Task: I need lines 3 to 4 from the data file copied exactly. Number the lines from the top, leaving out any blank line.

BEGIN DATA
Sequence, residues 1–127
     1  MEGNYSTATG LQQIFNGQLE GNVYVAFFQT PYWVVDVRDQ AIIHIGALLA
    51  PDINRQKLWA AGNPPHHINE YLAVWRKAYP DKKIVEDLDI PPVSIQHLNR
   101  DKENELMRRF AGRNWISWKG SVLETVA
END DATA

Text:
    51  PDINRQKLWA AGNPPHHINE YLAVWRKAYP DKKIVEDLDI PPVSIQHLNR
   101  DKENELMRRF AGRNWISWKG SVLETVA